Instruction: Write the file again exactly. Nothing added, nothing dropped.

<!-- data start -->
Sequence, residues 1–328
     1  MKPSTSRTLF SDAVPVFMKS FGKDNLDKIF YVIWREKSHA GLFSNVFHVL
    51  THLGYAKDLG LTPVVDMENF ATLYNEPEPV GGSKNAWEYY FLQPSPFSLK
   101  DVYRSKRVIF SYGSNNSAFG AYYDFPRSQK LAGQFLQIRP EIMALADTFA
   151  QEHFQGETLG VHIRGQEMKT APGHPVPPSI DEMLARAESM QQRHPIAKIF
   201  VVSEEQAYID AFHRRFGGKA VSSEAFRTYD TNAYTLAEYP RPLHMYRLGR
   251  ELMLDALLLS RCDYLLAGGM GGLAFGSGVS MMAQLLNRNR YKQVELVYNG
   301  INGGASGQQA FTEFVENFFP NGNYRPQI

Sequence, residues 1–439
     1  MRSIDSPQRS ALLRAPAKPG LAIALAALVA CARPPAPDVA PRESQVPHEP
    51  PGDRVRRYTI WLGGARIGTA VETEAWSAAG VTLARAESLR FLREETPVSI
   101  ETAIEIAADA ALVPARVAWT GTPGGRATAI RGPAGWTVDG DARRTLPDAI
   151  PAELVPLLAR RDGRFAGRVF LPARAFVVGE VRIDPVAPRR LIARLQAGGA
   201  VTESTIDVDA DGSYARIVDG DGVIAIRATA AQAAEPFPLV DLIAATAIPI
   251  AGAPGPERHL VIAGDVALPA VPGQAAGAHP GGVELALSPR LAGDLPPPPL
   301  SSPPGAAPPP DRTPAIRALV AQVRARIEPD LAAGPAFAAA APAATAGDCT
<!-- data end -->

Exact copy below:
Sequence, residues 1–328
     1  MKPSTSRTLF SDAVPVFMKS FGKDNLDKIF YVIWREKSHA GLFSNVFHVL
    51  THLGYAKDLG LTPVVDMENF ATLYNEPEPV GGSKNAWEYY FLQPSPFSLK
   101  DVYRSKRVIF SYGSNNSAFG AYYDFPRSQK LAGQFLQIRP EIMALADTFA
   151  QEHFQGETLG VHIRGQEMKT APGHPVPPSI DEMLARAESM QQRHPIAKIF
   201  VVSEEQAYID AFHRRFGGKA VSSEAFRTYD TNAYTLAEYP RPLHMYRLGR
   251  ELMLDALLLS RCDYLLAGGM GGLAFGSGVS MMAQLLNRNR YKQVELVYNG
   301  INGGASGQQA FTEFVENFFP NGNYRPQI

Sequence, residues 1–439
     1  MRSIDSPQRS ALLRAPAKPG LAIALAALVA CARPPAPDVA PRESQVPHEP
    51  PGDRVRRYTI WLGGARIGTA VETEAWSAAG VTLARAESLR FLREETPVSI
   101  ETAIEIAADA ALVPARVAWT GTPGGRATAI RGPAGWTVDG DARRTLPDAI
   151  PAELVPLLAR RDGRFAGRVF LPARAFVVGE VRIDPVAPRR LIARLQAGGA
   201  VTESTIDVDA DGSYARIVDG DGVIAIRATA AQAAEPFPLV DLIAATAIPI
   251  AGAPGPERHL VIAGDVALPA VPGQAAGAHP GGVELALSPR LAGDLPPPPL
   301  SSPPGAAPPP DRTPAIRALV AQVRARIEPD LAAGPAFAAA APAATAGDCT